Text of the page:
Last week, for the 17th time, Hockey Canada welcomed delegates from across
the country to its annual Hockey Canada Skills Academy (HCSA) seminar.
This year, though, as has become the norm in the COVID-19 world, things
were a little bit different.
Instead of filling a conference room with program leaders, the seminar went
virtual for the first time with a record-setting 149 delegates (a typical
year is around 100) watching 10 presentations – focused on both on-ice and
classroom curriculum – across two-and-a-half days.
And while the face-to-face connection that is usually such a key piece of
the seminar was missing, the messaging didn’t miss a beat.
“I was kind of hesitant – was it not going to be engaging, was it going to
be kind of dry – but I found every speaker we had, their passion radiated
through the screen,” says Janelle Forcand, female hockey coordinator with
the Winnipeg Jets Hockey Academy and an instructor with the St.
James-Assiniboia HCSA. “You know they’re truly doing it for the right
reasons. It helps us as instructors and teachers to realize we are making a
difference in the game of hockey. And not only just with making better
hockey players; we are making more well-rounded individuals. We are
developing these youth to go out into society and be great people.”
The move online created a unique opportunity to open the seminar up; by
welcoming in more delegates than usual, it allowed the information to be
delivered straight to those who need it most.
Instead of just one attendee per HCSA program, as has been the norm in
previous years, and that person taking the information back to the rest of
their staff, there was a direct link that hadn’t previously existed.
“Our programs don’t just have one person on the ice leading sessions,” says
Teal Gove, manager of hockey development with Hockey Canada who helps
spearhead the HCSA program at a national level. “Some programs have five,
10 different instructors and coaches, so for them to be able to get that
information first-hand and get a full two-and-a-half days of professional
development to bring back directly to their schools, we were so excited to
be able to offer that to all programs.”
“To see how successful it can be virtually, once it can be back in person
you can potentially have it as a virtual option as well for those people
who may not be able to be there in person, or may not have the proper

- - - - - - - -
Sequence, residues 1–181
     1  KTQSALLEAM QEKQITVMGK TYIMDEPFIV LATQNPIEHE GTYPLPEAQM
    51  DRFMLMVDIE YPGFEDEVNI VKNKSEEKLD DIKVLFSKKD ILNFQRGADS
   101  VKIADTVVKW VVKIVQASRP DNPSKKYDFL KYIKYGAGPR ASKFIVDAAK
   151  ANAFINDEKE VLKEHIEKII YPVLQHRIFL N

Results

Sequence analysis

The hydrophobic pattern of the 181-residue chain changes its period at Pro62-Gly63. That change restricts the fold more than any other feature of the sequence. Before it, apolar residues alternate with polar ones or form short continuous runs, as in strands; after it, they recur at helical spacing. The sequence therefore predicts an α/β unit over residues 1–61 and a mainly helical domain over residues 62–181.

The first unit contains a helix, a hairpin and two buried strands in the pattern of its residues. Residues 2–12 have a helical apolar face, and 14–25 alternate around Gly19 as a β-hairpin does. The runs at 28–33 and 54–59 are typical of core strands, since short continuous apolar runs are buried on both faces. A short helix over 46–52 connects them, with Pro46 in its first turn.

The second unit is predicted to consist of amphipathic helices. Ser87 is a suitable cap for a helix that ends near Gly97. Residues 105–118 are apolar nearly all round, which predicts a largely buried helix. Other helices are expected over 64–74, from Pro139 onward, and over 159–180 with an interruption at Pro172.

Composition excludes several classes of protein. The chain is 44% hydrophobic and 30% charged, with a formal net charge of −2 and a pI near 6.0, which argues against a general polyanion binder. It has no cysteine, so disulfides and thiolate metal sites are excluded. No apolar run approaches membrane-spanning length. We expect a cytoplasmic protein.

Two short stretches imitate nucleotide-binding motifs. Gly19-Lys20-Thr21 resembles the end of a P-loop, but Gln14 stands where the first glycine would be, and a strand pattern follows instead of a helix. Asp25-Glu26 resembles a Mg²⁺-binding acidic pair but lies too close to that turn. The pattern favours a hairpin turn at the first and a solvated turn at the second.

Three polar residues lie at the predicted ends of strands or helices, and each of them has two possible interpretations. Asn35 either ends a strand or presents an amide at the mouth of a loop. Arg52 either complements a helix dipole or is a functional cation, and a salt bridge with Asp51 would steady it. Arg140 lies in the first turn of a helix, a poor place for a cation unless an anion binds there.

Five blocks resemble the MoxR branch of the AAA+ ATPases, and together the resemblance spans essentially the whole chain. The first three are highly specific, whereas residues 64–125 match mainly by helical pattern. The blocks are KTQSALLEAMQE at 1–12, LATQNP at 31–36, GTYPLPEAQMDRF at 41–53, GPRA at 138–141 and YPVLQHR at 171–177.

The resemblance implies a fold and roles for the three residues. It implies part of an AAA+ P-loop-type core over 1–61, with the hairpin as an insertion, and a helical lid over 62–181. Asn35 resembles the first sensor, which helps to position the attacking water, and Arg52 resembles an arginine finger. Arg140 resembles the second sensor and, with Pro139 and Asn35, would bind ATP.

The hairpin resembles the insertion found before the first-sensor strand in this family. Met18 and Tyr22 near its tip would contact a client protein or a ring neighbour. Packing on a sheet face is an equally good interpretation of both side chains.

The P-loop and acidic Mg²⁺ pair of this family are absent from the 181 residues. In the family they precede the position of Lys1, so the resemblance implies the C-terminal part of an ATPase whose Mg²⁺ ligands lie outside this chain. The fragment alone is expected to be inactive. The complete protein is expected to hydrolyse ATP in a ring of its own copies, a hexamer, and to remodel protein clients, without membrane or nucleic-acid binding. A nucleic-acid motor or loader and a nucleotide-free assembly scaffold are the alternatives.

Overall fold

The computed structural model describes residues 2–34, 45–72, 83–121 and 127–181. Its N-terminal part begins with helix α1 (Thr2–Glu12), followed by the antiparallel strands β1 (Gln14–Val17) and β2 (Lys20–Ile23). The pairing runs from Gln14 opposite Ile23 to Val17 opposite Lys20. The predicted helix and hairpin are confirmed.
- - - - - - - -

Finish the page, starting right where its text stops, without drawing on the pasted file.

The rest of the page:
funding to be able to send someone to Calgary,” Forcand adds. “The more
people you can reach out to and educate, the more successful you program is
going to be.
“Looking at the positive from a negative outcome, we couldn’t be all
together in person, but here we are seeing it can be successful virtually.
Maybe we can adapt and do both – we can have it in person while people are
in their hometowns watching virtually, and reaching out to as many
educators as possible.”
The HCSA program is a unique one in that it caters to players of all ages
and skill levels. According to Gove, somewhere around 20% of the 5,500
students enrolled the 154 programs from coast to coast to coast during the
2019-20 school year don’t play the game outside of the HCSA.
That makes their experience, both on an off the ice, that much more
“Their first time touching the ice and experiencing hockey is through the
Skills Academy program,” she says, “so it’s really important that we
provide our instructors with the tools to be able to support those
new-to-hockey players, especially in making sure that their first
experience with hockey is a safe, fun and positive one.”
That was the message from keynote speaker Andrew Ference on Thursday night.
Ference, a Team Canada alumnus and Stanley Cup champion, works with the NHL
as director of social impact, growth and fan development under executive
vice-president Kim Davis.
“He talked about the role that some of his former teachers played in his
life, and he just emphasized to the teachers the impact that they can have
on their students, and that hockey should be fun,” Gove says. “Yes, skill
development is so important, but it needs to be fun.
“And he talked about, too, that we can’t just say we’re a welcoming
environment and everyone is welcome here, and then not go out and
intentionally bring those kids in that we want to attract to hockey. Our
schools and our teachers play a huge role in making sure that everyone is
At the end of the days, while the information gleaned from 11-and-a-half
hours of presentations is invaluable to teachers and instructors, the
biggest takeaway Gove wanted delegates to leave with was a pretty simple
“The impact that they have on the lives of their students. We heard this
reiterated a few times throughout presentations – the rink should be a
destination, and for a lot of students, coming to the Hockey Canada Skills
Academy program is the most exciting and fun and positive part of their
school day. We want teachers to take away the role that they play in making
the academic experience of their students such a positive one through